Unlike in the US, political careers in Germany are determined by party structures. It is difficult for outsiders to break in; the path to the top winds through many intermediate stages and, as a rule, is quite a long one – extraordinary personalities seldom endure. When in 2016 the Greens first held a primary on the American model to select their two chairs, Habeck lost by a hair. Two year later he was elevated to lead the party without a vote among members.

Together with Annalena Baerbock (the Greens traditionally elect one woman and one man to the party leadership), Habeck toured the country this summer. His central message was such: “The center is where the majority forms.” It’s about shifting the center back towards liberal democracy, progressive and ecological policy. “We want to make the Greens’ positions capable of winning a majority. This is a rebuke of the scaremongers and an invitation to the dispirited to gather courage. We can change politics.”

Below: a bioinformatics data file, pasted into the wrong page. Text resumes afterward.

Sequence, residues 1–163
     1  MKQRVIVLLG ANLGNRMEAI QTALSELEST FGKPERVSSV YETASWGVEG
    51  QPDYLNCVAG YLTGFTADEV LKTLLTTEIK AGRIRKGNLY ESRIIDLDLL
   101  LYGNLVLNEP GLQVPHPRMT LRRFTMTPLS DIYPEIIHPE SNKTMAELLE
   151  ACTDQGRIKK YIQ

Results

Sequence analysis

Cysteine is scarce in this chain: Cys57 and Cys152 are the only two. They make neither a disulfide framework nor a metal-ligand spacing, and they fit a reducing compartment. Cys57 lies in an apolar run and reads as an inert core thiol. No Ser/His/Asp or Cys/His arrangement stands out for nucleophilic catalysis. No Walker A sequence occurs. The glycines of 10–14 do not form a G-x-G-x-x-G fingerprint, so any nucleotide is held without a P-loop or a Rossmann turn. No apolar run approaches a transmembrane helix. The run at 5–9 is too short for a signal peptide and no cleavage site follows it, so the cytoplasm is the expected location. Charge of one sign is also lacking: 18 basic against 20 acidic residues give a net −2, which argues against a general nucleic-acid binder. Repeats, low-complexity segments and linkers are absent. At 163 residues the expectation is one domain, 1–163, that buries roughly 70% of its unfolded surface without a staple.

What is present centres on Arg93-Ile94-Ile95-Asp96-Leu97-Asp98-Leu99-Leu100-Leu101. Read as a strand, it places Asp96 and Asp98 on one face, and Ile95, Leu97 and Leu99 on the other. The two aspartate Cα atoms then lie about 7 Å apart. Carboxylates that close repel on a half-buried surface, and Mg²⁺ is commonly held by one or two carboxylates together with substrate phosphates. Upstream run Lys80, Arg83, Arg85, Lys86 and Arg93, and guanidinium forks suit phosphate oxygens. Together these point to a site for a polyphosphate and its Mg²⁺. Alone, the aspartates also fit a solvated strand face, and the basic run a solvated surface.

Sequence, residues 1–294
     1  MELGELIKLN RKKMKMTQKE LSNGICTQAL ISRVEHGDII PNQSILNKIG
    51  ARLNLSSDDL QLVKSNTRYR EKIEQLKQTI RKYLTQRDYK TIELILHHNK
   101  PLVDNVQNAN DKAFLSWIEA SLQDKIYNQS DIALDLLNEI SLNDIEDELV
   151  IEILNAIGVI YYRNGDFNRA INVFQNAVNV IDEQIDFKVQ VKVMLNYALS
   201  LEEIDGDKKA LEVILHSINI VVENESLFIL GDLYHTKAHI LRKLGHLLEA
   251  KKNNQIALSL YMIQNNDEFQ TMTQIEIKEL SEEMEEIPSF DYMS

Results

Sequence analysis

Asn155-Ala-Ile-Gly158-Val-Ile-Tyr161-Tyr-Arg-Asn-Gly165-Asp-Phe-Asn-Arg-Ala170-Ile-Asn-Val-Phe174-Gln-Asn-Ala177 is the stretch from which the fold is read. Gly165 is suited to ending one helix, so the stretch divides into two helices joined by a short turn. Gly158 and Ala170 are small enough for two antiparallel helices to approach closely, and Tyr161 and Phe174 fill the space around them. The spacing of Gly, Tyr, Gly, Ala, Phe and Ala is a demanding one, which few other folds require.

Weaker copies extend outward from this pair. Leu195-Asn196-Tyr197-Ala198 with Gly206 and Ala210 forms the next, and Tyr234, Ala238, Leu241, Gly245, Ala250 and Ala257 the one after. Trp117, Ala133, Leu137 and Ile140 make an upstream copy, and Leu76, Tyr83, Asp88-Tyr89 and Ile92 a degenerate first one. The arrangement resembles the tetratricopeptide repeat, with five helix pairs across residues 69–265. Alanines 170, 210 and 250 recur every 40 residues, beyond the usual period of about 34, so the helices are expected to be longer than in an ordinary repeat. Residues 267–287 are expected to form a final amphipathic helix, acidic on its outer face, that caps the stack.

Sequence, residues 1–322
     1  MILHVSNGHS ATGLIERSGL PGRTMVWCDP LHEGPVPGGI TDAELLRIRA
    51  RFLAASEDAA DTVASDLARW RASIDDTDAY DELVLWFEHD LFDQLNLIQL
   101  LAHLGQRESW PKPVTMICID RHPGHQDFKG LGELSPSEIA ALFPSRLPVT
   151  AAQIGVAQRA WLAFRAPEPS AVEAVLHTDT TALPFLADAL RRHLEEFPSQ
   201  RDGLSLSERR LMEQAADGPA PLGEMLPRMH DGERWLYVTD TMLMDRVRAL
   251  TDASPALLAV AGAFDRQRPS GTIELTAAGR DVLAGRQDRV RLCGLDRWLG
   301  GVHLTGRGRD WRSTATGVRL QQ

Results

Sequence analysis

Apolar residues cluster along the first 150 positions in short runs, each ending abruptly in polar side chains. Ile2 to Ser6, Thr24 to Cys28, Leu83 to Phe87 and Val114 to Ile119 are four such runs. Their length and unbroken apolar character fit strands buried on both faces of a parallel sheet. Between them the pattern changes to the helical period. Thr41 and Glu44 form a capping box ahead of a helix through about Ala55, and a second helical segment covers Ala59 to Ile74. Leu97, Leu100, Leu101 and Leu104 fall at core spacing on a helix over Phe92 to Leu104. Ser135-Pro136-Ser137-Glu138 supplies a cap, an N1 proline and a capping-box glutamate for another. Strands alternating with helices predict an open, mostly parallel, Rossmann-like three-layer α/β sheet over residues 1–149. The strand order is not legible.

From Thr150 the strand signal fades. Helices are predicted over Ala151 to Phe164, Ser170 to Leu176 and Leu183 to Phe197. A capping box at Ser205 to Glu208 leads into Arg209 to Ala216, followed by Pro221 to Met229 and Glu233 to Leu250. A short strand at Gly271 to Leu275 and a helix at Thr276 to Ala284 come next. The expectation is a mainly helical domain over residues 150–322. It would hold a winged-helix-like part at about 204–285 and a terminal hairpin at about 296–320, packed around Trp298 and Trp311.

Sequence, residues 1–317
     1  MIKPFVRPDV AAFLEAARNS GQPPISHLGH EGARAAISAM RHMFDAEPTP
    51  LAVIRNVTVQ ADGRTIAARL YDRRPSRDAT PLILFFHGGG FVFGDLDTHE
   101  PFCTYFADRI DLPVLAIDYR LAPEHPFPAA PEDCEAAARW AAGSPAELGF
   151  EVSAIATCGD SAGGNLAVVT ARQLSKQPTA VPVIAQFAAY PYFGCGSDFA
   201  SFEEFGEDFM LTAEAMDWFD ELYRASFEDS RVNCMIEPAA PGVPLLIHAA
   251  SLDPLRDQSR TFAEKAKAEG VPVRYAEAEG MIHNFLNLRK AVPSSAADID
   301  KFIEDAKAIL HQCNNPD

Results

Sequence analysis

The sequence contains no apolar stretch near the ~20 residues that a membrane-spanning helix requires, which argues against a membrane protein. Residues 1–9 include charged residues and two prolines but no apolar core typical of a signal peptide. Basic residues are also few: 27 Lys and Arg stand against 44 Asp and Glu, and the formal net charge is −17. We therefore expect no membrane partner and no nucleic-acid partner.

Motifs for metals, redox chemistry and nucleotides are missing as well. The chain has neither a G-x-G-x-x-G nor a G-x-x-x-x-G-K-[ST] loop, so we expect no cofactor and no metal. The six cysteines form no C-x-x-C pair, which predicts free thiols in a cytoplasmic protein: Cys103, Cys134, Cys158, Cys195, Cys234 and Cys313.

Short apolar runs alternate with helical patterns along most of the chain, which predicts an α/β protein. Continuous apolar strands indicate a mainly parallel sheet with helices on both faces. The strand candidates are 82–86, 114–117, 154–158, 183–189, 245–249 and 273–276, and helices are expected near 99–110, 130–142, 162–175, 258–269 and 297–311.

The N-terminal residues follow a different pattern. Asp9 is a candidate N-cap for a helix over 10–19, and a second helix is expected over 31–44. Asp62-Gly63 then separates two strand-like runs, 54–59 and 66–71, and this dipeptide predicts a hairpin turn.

In recent years, the Greens have been stuck right in the center of the party spectrum; they were potential partners of the SPD and the Left Party on one side of the aisle, and no longer just the secret dream partners of Angela Merkel and the CDU on the other. In 2013, the party rejected the chancellor’s offer to join in forming a government. In 2017, during negotiations with Merkel’s Union parties and the FDP, the Greens were lauded for their creative ideas and pragmatism. But at the last minute the Free Democrats pulled out of the talks. The Green dream of reclaiming government responsibility after nearly 20 years was shattered.

Habeck is now the star attraction of a party that functions in programmatic harmony like no other, yet sees no clear path back to power. Or conversely: it’s the party that tomorrow could be courted by potential partners from across the full spectrum of German politics.

Lutz Lichtenberger
is senior editor of The German Times.